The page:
Shopping Around The World And The World Wide Web
Everybody loves to shop! Shopping is a major recreational activity. It is all too human to become absorbed in the details of selection, purchase, and display behavior. When you shop, you buy things, when you need to buy things, you head off to the market. You can find everything in the market!
A market is where you buy and sell stuff. You buy and sell things in a market putting into consideration the things you need and the things you want. You buy and sell stuff at a certain price.
The prices of the goods may fluctuate depending on the time of the year. The market for roses increases during Valentine's. You can get Christmas cards and Christmas trees and all things Christmas-y at half the price after the Yuletide season.
Marketplaces and street markets. A marketplace is a physical location where goods and services are exchanged. A mall is a market.
Bloomingdale's is a market. Sephora is a market. From your high-end mall to your salvation army, all these are markets.
The traditional marketplace is a city square where traders set up stalls and buyers browse the merchandise. This kind of market is very old, and countless such markets are still in operation around the whole world.
In the US, such markets fell. But the renewed interest in local food has caused the reinvention of this type of market, called farmers' markets in many towns and cities.
In continental Europe, especially in France, street markets, as well as "marketplaces" (covered places where merchants have stalls, but not entire stores) are common. Both resellers and producers sell their stuff to the public.
Markets are often temporary, with stalls only present for two days a week ("market days"), however some (such as Camden Market in London, UK) are open every day of the week.
Such markets are normally specialist-the various stalls of Camden Market, along with the shops associated with it, sell a variety of alternative lifestyle products ranging from clothes and jewelry to CDs, instruments and furniture.
An example of a large market is Chatuchak weekend market in Bangkok. It covers over 35 acres and contains upwards of 15000 stalls. It is estimated that the market receives between 200,000 and 300,000 visitors each day.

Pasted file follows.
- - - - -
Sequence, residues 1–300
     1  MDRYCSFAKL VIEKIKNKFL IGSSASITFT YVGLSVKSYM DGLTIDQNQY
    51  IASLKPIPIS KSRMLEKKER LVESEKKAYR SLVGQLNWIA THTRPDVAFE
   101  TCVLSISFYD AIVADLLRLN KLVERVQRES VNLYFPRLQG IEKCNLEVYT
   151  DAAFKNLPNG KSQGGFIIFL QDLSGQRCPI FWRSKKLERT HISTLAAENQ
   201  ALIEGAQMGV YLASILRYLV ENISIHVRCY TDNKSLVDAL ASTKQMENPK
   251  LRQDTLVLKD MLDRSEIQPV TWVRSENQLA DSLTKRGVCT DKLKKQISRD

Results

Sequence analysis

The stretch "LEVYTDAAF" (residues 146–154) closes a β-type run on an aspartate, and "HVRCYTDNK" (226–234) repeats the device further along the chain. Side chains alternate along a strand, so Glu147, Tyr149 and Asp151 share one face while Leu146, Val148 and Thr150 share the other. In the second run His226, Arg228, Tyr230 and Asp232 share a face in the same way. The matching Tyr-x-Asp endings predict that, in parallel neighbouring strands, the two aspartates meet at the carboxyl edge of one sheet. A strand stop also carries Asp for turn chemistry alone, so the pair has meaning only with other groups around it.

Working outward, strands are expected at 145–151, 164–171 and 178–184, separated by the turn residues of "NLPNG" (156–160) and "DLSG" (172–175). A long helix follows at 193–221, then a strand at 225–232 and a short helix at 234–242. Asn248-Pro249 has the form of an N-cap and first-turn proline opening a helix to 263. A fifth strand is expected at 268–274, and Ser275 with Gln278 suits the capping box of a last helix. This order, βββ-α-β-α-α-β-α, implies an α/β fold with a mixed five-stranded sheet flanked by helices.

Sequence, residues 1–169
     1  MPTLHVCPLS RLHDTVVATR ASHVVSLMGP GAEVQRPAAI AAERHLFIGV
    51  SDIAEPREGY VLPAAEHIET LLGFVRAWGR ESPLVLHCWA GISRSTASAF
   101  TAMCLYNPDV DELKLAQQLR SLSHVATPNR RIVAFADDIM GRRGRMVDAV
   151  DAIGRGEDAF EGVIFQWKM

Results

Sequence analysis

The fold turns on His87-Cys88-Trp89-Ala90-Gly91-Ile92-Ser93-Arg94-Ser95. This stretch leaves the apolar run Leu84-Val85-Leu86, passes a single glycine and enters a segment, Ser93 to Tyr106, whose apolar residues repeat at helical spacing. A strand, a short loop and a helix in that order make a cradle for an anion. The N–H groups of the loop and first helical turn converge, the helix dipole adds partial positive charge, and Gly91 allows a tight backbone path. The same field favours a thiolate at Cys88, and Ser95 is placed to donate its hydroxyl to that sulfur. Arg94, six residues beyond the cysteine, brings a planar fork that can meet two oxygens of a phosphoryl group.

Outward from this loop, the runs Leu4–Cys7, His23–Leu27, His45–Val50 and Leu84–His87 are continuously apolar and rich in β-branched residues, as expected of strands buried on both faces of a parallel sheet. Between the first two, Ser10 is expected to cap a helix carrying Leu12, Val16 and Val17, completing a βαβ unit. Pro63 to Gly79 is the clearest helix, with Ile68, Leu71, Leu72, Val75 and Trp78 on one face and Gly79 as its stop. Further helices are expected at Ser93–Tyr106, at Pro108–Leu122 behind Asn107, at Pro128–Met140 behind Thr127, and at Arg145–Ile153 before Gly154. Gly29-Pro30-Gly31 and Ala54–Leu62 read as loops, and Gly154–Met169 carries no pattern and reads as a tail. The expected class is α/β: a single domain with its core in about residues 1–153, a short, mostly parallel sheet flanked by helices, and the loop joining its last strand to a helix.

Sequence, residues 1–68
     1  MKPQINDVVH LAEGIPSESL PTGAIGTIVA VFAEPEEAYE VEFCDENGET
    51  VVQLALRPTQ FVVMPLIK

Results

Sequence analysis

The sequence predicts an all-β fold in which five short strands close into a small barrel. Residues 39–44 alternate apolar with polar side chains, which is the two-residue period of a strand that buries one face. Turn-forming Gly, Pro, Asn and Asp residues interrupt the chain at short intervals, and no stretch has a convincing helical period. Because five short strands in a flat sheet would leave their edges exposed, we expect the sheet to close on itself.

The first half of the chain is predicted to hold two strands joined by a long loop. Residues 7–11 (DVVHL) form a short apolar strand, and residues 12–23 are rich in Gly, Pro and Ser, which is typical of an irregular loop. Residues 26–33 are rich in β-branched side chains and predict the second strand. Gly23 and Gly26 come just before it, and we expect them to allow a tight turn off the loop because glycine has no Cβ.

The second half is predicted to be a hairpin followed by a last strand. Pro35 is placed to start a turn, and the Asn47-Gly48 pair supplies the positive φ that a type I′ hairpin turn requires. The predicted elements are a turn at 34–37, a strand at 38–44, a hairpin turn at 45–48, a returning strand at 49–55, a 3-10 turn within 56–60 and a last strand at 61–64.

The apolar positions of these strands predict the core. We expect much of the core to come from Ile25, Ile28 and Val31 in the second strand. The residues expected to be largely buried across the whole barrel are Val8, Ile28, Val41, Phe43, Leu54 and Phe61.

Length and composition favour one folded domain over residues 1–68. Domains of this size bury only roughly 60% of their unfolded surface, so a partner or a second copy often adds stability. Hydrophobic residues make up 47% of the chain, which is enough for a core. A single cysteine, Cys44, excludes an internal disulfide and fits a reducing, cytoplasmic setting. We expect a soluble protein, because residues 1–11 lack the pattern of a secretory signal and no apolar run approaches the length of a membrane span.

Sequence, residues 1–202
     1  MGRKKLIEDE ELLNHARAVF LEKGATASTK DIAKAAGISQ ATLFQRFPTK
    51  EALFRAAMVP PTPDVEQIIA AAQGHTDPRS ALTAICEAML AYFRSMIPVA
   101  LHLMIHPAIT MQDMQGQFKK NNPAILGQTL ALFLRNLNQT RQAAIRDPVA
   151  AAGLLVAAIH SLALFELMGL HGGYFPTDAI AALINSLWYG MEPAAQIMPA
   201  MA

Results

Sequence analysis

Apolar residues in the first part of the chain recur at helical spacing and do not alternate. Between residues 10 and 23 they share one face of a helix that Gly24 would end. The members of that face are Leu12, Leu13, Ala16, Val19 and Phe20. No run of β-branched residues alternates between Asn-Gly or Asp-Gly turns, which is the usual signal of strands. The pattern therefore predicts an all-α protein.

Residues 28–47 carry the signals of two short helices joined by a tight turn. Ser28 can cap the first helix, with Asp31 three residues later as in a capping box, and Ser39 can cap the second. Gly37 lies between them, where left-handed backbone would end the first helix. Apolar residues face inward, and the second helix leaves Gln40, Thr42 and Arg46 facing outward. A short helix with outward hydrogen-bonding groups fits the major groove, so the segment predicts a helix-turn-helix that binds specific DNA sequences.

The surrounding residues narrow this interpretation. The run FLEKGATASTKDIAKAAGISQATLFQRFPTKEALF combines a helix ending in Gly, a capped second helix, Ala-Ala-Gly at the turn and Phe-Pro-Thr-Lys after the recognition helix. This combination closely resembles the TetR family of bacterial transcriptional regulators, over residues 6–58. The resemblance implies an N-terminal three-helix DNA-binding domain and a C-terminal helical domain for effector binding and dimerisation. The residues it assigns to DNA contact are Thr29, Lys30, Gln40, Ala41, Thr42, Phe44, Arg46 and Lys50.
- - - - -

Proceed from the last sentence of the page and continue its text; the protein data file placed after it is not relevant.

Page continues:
Most stalls are only open on Saturdays and Sundays. The market offers a wide variety of products including household items, clothing, Thai handicrafts, religious artifacts, collectibles, foods, and live animals.
But now that we have the Internet and the World Wide Web, the market is right at your finger tips! It makes everything so much more easier, buying and selling a thousand and one items can be done at home. The e-Bay web site is considered a market.
e-Bay.com is the major auction service on the Web. eBay popularized the concept of buying and selling online, and both individuals and commercial enterprises list items for sale.
Everything there is for free (at least the posting, browsing and bidding of items) If an item is purchased, the seller pays eBay an additional fee. Millions of items are offered, and in 2002, nearly $15 billion worth of merchandise was sold through this service.
Another example of an online market is Amazon.com. The largest online shopping site and one of the most widely known e-commerce sites on the Web. Amazon started out as an online bookstore, constantly making news with the number of titles it offered for sale.
About the author:
James Monahan is the owner and Senior Editor of MarketCountry.com and writes expert articles about markets.
Written by: James Monahan
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